Stephen, Laura, and Chris,
Certainly there are people who devote themselves to plumbing a single video game for months on end, or longer. For my own part, I tend toward video games (and TV shows and comic books) I know are working toward a foreseeable conclusion, because I’m a fatalist and a commitment-phobe.
But I do understand the appeal in the opposite, especially when it comes to persistent online worlds, which might evolve, might fluctuate socially and economically, just as any living world would. The storyline for such a game might seem superficial and beige and incipient, at least to a layperson; only the most dedicated players will eventually be rewarded with intricate, collectible lores and arcane narrative texture. Just as there are players stocking up on rare and legendary loot, there is such thing as story completionists. All these players are experiencing, in essence, a wholly different game—and presumably, a much more gratifying one—than the rest of us ever will.
So I think that’s understandable, Stephen—to, as you say, envy those people who have both free time and diligence enough to pitch themselves headlong into online multiplayer games. Less enviable, though, is being married to one of those people.
Oof! That probably came out wrong.
What I mean to say, without any sardonicism this time, is: 2014 was the year the pause button died.
My earliest inkling was in June, during the Destiny alpha, when my husband-to-be first claimed he could not put the controller down. I blogged about my ire the following month. My husband-to-be eventually gave up Destiny ... not for me, but for Elite: Dangerous.
“So,” I said to him wryly, “this is the trade?” For whatever it’s worth, Elite: Dangerous is, by now, at the top of my 2014 video games list, although, like Chris’ list, mine is ordered pretty arbitrarily.
10. Shovel Knight
9. The Uncle Who Works for Nintendo
7. Kim Kardashian: Hollywood
6. Pixel Rift, a demo for the Oculus Rift
4. Super Smash Bros. for Wii U
3. Super Smash Bros. for 3DS (I’m just trying to be charming, here)
1. Elite: Dangerous
Both Elite: Dangerous and Destiny are absolute exemplars of persistent worlds—although the latter, Destiny, is so innovative as a genre mashup, the neologism “shared-world shooter” was coined this year just to describe it. But where persistent ought to simply mean “continuous,” both games have taken the word to mean “insistent” instead.
Chris Kohler wrote brilliantly on this subject in his September Wired column, “Destiny Is Great, if You Can Ignore Your Life”:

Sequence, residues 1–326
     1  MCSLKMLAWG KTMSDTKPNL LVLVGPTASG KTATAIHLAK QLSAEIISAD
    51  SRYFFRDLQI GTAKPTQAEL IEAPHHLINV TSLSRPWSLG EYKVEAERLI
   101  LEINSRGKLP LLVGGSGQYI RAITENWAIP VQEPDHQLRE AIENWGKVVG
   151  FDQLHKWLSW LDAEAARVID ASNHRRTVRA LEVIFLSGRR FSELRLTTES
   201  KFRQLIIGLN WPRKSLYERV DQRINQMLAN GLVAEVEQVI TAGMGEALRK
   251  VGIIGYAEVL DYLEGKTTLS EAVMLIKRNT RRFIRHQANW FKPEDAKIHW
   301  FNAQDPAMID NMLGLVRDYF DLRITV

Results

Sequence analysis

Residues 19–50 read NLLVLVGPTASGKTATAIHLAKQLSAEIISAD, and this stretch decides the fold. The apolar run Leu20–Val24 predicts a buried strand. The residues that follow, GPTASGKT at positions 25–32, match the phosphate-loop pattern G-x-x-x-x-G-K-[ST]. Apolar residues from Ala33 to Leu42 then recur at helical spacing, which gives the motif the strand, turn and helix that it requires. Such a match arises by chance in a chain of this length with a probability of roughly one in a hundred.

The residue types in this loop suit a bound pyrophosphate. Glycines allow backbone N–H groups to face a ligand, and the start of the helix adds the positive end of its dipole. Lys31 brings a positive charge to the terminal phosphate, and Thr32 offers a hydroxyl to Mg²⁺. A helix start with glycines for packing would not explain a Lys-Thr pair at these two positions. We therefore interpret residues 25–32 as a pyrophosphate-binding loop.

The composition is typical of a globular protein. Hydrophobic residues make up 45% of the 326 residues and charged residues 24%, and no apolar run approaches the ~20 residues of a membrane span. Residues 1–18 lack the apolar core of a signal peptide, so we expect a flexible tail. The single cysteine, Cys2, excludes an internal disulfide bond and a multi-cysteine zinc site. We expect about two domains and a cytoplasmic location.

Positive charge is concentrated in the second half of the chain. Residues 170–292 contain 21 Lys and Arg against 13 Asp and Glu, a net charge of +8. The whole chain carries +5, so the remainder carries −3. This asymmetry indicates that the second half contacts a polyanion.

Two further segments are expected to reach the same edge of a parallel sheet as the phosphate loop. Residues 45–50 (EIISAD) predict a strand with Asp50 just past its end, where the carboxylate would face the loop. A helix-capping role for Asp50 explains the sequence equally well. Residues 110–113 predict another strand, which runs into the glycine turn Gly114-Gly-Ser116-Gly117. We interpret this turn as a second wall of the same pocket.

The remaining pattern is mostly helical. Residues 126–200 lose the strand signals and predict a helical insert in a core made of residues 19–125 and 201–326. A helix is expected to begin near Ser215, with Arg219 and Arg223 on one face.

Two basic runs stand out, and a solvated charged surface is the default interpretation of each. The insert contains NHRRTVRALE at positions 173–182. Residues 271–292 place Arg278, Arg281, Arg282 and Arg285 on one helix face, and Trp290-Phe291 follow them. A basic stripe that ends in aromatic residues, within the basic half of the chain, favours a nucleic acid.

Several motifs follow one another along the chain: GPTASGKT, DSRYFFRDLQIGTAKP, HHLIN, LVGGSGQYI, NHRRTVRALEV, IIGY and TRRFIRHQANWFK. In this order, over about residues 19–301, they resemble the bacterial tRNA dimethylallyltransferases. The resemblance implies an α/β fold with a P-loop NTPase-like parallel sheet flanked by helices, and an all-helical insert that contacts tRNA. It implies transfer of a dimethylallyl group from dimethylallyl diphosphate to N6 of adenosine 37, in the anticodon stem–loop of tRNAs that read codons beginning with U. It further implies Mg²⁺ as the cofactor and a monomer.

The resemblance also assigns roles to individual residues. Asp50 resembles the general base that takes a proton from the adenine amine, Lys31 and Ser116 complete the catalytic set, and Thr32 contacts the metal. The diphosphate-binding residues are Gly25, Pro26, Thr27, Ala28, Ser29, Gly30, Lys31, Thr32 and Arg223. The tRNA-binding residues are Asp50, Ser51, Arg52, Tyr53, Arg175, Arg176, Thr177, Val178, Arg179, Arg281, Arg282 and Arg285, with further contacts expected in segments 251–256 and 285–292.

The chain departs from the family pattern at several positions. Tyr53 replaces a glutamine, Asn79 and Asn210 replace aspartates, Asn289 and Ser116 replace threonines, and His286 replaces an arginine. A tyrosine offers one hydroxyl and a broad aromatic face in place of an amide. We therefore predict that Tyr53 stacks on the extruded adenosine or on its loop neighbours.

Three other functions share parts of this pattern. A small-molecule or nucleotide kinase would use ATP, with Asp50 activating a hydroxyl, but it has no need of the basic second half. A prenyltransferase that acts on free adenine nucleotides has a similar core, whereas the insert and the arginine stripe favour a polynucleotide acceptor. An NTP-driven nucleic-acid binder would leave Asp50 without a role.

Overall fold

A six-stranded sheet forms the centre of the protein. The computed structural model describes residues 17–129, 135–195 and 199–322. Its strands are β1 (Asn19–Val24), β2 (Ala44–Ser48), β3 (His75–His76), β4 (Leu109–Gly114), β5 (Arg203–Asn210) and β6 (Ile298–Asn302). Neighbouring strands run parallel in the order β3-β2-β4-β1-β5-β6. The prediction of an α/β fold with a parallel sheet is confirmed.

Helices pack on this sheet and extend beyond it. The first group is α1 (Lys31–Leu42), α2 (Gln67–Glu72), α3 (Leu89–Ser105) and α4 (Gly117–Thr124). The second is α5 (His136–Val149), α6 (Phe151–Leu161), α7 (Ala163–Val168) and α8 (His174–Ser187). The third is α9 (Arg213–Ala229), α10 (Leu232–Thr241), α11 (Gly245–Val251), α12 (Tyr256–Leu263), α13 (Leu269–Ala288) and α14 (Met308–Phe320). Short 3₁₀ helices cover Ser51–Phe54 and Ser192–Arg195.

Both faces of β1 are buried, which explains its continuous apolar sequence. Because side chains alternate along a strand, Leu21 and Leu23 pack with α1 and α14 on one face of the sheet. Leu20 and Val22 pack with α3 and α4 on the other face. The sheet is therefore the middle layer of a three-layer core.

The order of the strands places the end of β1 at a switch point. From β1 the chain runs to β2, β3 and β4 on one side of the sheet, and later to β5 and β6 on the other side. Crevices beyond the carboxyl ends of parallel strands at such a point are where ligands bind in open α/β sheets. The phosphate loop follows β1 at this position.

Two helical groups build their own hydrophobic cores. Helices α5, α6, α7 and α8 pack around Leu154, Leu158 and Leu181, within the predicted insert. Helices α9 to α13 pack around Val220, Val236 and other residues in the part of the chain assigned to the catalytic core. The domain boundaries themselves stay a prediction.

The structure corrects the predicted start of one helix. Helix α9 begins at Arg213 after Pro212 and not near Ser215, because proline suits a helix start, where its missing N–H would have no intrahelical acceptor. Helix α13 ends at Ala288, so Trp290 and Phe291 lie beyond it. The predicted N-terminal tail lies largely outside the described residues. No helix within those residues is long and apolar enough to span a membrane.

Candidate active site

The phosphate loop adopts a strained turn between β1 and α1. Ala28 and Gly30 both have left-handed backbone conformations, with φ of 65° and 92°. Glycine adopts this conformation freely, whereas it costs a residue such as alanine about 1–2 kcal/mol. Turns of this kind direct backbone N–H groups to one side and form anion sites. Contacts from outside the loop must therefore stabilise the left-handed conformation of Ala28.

I stand, throwing my arms in the air. “Who is this for? Whose life does this fit into?” I ask. I am, at this moment, incredulous. We are about to have a baby; I cannot even answer the door. The combination of this blink-and-you’re-vaporized difficulty and an inability to pause the action, it seems to me, restricts Destiny’s audience to people who can afford to shut off the world for vast stretches at a time. This is not a game that wants to fill the odd hours in my life, it demands all of it.
“The game is always afoot,” a representative for Bungie said. “Can’t pause Destiny. Can’t pause Twitter. Can’t pause life.”
That, right there, is a chilling credo. (As one Gamergater tweeted to me, “You never get off this train!” which I think is a reference to The Hunger Games.) While life itself may not have a pause button, I think we can all agree that social media is, at its very worst, often a too-aggressive incursion. Many of us keep tabs on social media out of anxiety: We’re scared of what might happen if we ever look away. That isn’t a good feeling, and I am concerned that, in their hope to be “addictive,” video games are striving to model exactly that. As Kohler wrote: “What if Destiny is successful to the point that this is what big triple-A console games become? Does that just cut me out entirely?”
Other friends—gamers who are fathers, mostly—have wondered the same thing to me about the Oculus Rift. It’s immersive, it’s splendid, but exactly how much of a person’s presence does it subsume? (My husband-to-be uses our Oculus to play Elite: Dangerous and, although we are now much more communicative than we were during his Destiny period, I do shout “Dock! Dock the spaceship! Find a dock!” 15 minutes before I think I’ll need him.)
And yet it might be time for me to concede that this is the new normal. Diablo III and the excellent Divinity: Original Sin both grok that addictive free-to-play/click-for-reward Skinner box. Like Destiny and Elite, they all, as Stephen intuits, do the exact same thing mechanically. And as Laura points out—though this is perhaps not her intent—even a narrative-driven work of magical realism like Kentucky Route Zero rewards both patience and “completionism.” The game drops plot rather than loot.
And of course, there’s the ultimate cookie-clicker game, the summit of completionism—Kim Kardashian: Hollywood, for Android and iOS, pussyfooting its way into my top 10 games of the year. Playing it requires an inordinate amount of time, cash, or both; straying too long from the game might result in dropping from C- to D-list status, which is precisely what happened to me when I took too long to get my shattered Galaxy Tab replaced.
Kim Kardashian: Hollywood is the Destiny of mobile games: it uses both grinding and anxiety, just as social media do, to keep its players helplessly hooked. You can’t shut it off; you can either uninstall it or start losing. (And Hollywood notifies you whenever it’s time to play again! How long until shared-world shooters start nagging your iPhone, letting you know the “persistent world” is moving on without you?)
This is the era of the “unpausable,” ushered in by persistent Internet connections, by smartphones and hot spots and the death of disc-based media. There is no excuse not to play, because you are always connected! You are already playing. You are always playing.
Anyway, I also really enjoyed P.T. for PlayStation 4.